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    6 MIN READ



    Don’t ask me about the abortion. Or if you do, ask it in a way that sounds subtle. Make reference to the scars you can smell on my skin as I walk past. You can smell it, right? The way the regret wraps around my wrists, seeping into the air of every room I walk in.

    I can smell it even when I’m not breathing. When my head is underwater and the waves are rolling over me. It’s all quiet. It’s all still. It’s so loud in my ears that I rush to the water’s surface and take in a deep inhale.

    I haven’t sat in a café for a long time, but when I used to, when I could, I’d take my books and a notepad and order a chai latte. Then a juice. Then some hot chips for lunch. I had so much time to sit and ruminate. I wonder what I used to think about then, before I thought about the abortion.

    I was never worried about God’s condemnation until the sharp November day when I visited a clinic and swallowed the tablet that would empty my womb.

    If you do ask me about it–the abortion–will it be because you’re also considering one yourself? If that’s the case, please pull up a seat. Let me tell you a secret that I keep buried in the darkest crevice of my heart: selfish things can set us free.

    Of course, don’t expect me to explain to you what free is, exactly. In the days after the river of blood swept me away, I had many moments of freedom. Utterances from the other side that I thought meant I had made the right decision. (I did make the right decision. And what is a “wrong” decision in anyway?)

    It was around that time that I met a beautiful boy who held my aching bones, and I danced under sparkling lights until the sun rose. One morning, I woke to a peach fuzz sunrise while the waves threw themselves onto the shore. There was no bulging belly during these days. Just fleeting love and loud music and a cacophony of activities I could never have done with a newborn.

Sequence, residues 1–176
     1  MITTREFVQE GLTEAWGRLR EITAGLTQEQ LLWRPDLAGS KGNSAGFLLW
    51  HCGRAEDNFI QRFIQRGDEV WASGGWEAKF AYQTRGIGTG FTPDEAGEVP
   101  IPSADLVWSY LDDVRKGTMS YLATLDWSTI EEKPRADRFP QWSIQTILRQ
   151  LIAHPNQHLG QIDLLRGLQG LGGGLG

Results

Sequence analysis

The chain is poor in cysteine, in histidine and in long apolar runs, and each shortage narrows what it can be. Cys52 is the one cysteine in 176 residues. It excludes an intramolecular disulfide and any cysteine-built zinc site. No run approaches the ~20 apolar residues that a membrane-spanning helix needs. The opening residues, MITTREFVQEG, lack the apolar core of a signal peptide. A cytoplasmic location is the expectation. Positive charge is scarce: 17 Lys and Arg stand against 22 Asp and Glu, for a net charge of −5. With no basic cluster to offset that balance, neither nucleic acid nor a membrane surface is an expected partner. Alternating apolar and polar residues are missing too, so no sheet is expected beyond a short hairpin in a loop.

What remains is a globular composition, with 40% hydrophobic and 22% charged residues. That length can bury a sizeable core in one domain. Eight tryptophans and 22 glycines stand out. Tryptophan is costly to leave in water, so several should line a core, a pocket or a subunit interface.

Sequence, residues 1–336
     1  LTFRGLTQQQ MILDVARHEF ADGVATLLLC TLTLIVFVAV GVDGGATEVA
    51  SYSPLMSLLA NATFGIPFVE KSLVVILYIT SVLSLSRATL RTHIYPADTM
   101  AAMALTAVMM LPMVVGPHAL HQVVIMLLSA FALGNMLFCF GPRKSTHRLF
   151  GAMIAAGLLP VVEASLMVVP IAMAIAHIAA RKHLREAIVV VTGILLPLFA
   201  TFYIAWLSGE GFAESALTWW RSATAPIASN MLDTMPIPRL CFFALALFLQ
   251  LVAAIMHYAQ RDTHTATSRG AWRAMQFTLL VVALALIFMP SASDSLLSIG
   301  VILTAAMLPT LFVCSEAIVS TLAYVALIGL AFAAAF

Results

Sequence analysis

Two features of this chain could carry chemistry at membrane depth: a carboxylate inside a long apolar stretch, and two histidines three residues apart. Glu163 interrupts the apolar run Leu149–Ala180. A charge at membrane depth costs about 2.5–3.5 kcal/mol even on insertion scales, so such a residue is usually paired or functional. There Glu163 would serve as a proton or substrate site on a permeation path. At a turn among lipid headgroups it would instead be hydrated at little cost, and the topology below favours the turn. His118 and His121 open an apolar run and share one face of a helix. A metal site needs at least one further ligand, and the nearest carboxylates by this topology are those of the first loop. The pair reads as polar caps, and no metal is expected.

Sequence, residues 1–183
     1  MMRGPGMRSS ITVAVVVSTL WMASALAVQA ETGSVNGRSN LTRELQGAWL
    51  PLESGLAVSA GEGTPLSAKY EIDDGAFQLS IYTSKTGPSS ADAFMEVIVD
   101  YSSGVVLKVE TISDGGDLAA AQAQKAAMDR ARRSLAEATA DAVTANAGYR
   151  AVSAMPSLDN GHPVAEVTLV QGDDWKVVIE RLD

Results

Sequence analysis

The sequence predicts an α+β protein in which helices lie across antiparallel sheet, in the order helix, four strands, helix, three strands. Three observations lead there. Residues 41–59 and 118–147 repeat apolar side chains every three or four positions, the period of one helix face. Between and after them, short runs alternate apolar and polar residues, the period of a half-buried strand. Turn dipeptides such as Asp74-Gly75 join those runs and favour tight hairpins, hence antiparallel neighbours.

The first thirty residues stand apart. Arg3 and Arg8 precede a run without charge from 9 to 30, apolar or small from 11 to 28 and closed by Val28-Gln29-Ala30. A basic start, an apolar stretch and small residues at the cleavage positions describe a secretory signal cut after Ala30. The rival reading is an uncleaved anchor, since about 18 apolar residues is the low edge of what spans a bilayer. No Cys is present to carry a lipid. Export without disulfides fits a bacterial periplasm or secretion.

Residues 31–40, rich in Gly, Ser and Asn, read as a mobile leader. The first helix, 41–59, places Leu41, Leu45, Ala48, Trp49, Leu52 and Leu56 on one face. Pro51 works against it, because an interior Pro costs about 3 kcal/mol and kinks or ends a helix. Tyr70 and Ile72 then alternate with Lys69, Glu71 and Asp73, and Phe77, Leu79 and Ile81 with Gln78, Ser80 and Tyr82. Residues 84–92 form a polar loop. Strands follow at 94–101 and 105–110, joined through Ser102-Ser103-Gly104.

I’m getting off topic on purpose. If you ask me about the abortion, and I tell you my secret, will you stifle a cringe? It’s OK. Some moments I still do. In some moments, I would trade my bruise-free skin for another chance to be her mother.

    * * *

    One night, moons ago, I laid in the backyard at midnight sobbing into the Earth. It was then that I had negated the opportunity to be a mother a few months prior and I felt certain, all the way through my bones, that the gods would not grant me another opportunity to bring life into this world.

    Now, the sun is splintering across his father’s cheeks. I notice the shape of his teeth, the colour of his eyes. The Canadian Club sits between us, and his grip rests idly along the condensation of the glass. I wonder if our baby will look more like him or me, if his blonde hair is more inheritable than my pointed nose. I have never studied his face so intently before; between his words I sneak glances at the way his lips move and how often his eyebrows furrow.